within last two days, partially armed, pursuant to instructions already received. This number is exclusive of those with Colonels Jennison, Moonlight, and Blair. Five hundred from Linn County will be here to-day. The entire male population is arriving here. No arms, but need them for dismounted men kept here. The fort here is nearly completed.
S. A. DRAKE,
Lieutenant-Colonel Seventeenth Kansas Volunteer Infantry.
WYANDOTTE, KANS., October 16, 1864.
After my note which I sent to you from Independence yesterday I went to Hickman Mills. While there a dispatch arrived from Pleasant Hill containing telegraphic news direct from Sedalia. The rebels, about 5,000 strong, had reached that place and fighting was going on, so you see the enemy must be very much divided if they are not retreating south. My information of yesterday satisfied me a few had crossed the river; some were in Lexington day before yesterday and some were in Sedalia. I wish you to send forward as many cavalry and artillery as are pretty well ready, with a brigadier, to Independence to-day to take command at that point as an advance post. General blunt, or a part of his force, will, in like manner, move forward to Pleasant Hill to-day. If possible we must make the enemy feel us to-morrow. The Fort Scott troops arrived last night at Hickman Mills, and Blunt has about 4,000 in that camp. There are also a large number of new men on the river bottom at the mouth of the Kansas, which came last night, I suppose, from Atchison. The weather is fine, but nights cold for troops, and if possible we should keep them moving to keep them warm. Write or come over. I will remain here until 12 m.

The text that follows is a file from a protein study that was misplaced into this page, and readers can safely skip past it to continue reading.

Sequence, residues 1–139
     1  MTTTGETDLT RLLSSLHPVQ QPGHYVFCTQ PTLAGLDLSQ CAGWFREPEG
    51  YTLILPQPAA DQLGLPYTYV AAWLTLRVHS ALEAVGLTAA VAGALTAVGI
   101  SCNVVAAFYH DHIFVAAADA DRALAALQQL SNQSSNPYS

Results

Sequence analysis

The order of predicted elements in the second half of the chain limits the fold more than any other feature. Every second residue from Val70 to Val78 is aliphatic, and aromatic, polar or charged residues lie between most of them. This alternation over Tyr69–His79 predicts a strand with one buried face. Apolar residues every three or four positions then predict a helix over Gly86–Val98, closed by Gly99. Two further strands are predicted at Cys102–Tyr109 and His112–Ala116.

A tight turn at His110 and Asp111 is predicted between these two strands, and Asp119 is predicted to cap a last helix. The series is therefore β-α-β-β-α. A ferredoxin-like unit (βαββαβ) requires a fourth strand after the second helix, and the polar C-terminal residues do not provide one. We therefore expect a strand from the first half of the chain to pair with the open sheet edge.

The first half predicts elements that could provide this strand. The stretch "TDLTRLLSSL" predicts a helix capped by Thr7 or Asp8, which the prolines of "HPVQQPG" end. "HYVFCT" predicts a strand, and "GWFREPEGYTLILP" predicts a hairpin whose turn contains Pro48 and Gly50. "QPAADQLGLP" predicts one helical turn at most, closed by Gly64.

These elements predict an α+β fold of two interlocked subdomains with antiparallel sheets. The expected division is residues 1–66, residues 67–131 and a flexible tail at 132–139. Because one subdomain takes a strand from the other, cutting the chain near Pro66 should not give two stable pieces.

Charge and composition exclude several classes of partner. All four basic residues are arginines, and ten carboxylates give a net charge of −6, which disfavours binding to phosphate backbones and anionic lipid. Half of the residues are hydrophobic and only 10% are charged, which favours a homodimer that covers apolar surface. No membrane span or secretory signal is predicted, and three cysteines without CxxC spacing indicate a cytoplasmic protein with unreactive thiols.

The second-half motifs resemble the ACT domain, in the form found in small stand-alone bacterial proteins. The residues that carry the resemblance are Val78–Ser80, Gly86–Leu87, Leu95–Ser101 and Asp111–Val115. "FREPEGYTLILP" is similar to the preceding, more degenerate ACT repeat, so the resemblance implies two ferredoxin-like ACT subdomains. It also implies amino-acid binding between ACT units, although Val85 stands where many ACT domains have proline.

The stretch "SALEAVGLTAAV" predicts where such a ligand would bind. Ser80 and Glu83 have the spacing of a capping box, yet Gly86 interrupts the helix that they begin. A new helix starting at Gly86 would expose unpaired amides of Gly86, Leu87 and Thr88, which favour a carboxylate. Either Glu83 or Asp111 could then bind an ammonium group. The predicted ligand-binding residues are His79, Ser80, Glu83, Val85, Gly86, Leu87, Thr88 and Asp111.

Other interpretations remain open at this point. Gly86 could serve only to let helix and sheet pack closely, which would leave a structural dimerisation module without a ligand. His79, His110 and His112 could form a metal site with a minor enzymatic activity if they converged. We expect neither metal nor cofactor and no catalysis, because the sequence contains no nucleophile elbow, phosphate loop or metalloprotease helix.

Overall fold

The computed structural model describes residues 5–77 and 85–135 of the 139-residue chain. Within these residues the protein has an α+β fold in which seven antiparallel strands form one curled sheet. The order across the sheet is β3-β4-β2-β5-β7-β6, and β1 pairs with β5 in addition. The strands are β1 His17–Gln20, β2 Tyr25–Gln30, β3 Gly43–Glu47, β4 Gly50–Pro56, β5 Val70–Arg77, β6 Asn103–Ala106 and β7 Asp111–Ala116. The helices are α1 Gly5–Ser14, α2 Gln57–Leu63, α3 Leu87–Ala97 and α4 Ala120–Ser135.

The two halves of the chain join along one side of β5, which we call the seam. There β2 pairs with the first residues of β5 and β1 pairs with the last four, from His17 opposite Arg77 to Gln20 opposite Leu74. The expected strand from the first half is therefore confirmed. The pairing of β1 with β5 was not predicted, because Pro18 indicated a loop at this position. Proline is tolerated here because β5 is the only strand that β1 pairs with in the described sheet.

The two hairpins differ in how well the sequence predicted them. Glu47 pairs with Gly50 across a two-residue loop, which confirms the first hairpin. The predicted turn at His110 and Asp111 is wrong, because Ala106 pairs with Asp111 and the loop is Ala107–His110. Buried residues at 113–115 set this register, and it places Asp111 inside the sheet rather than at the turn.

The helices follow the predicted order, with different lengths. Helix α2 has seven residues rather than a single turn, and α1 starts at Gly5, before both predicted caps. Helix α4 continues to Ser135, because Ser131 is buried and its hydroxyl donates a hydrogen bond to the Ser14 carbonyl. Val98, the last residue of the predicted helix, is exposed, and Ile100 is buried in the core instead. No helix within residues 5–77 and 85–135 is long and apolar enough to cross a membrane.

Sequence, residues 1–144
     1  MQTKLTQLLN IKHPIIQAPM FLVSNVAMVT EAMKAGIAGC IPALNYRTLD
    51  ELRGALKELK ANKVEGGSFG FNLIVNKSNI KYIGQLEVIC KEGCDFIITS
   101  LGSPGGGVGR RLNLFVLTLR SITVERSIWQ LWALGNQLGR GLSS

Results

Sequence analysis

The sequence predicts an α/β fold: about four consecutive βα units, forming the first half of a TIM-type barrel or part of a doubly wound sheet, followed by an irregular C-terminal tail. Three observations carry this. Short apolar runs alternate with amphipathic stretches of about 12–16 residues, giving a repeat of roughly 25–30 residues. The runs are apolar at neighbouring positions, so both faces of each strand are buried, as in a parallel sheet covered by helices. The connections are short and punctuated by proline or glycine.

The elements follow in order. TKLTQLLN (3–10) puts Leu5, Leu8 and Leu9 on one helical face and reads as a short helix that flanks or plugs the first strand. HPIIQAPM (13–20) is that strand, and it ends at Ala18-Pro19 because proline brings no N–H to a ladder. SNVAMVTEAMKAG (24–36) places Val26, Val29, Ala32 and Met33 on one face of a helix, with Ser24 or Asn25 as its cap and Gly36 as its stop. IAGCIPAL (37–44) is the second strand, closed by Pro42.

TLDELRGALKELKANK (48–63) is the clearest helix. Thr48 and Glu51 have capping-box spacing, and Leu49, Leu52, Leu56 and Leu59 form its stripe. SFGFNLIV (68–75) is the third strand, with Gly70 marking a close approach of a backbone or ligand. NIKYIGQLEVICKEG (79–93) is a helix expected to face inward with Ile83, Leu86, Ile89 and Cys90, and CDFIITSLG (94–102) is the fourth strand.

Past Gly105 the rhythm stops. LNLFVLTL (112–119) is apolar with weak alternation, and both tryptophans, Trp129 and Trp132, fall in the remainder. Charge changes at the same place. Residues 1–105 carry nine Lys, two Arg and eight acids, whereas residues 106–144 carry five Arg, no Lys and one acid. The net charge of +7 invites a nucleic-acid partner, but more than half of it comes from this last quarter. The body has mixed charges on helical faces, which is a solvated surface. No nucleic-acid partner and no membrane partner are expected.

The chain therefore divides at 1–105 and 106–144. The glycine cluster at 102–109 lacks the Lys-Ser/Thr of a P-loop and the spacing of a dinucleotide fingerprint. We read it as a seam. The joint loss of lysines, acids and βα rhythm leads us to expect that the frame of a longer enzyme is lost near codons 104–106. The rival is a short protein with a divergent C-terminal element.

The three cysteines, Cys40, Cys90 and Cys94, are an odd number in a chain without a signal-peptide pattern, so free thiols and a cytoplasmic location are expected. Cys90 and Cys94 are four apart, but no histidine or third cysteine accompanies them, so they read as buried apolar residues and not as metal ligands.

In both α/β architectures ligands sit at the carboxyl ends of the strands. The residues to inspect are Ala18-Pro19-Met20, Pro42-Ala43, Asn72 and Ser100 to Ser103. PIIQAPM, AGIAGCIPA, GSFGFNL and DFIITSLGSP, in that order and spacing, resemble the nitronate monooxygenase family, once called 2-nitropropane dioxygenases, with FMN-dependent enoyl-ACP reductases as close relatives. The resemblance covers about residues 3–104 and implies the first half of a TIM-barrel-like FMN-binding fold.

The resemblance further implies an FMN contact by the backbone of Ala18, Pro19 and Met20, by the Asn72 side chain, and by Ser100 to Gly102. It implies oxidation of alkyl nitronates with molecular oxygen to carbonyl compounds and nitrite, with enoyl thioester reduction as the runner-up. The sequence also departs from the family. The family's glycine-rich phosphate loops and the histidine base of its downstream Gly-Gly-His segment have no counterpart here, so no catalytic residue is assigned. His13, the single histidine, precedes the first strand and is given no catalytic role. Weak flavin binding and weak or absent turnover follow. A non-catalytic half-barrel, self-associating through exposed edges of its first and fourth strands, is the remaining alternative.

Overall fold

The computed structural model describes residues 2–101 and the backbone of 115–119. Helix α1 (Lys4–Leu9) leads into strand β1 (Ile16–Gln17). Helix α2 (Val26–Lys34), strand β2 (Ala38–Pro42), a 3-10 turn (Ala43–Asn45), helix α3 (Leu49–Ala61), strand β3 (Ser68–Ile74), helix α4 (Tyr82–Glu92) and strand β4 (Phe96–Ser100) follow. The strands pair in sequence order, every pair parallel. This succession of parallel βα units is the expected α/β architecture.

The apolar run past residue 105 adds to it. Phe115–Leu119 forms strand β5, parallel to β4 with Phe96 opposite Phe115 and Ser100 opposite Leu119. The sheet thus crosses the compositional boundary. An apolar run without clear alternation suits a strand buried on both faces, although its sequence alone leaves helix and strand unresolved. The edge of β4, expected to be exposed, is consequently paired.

S. R. CURTIS,
HEADQUARTERS KANSAS STATE MILITIA,
In Camp at Shawneetown, October 16, 1864.
General W. H. M. FISHBACK,
Kansas State Militia, Hickman Mills, Mo.:
GENERAL: The order of General Blunt, with your indorsement, is received. I am directed by General Deitzler to say that while you are expected to obey all lawful orders issued by General Blunt, you are not required to report yourself to an officer of inferior rank for duty. The utmost harmony among the forces which this exigency has thrown together is especially desirable. You cannot, however, be expected to obey an order which has neither the sanction of law nor usage. You will, therefore, retain your command until superseded by a ranking officer. I have not the slightest doubt General Curtis will take the same view of the matter, and if General Blunt persists in the order a statement of the facts to General Curtis will set all right. The order and indorsement as received will be forwarded to General Curtis.
I am, general, very respectfully, your obedient servant,
O. E. LEARNARD,
Colonel and Chief of Staff.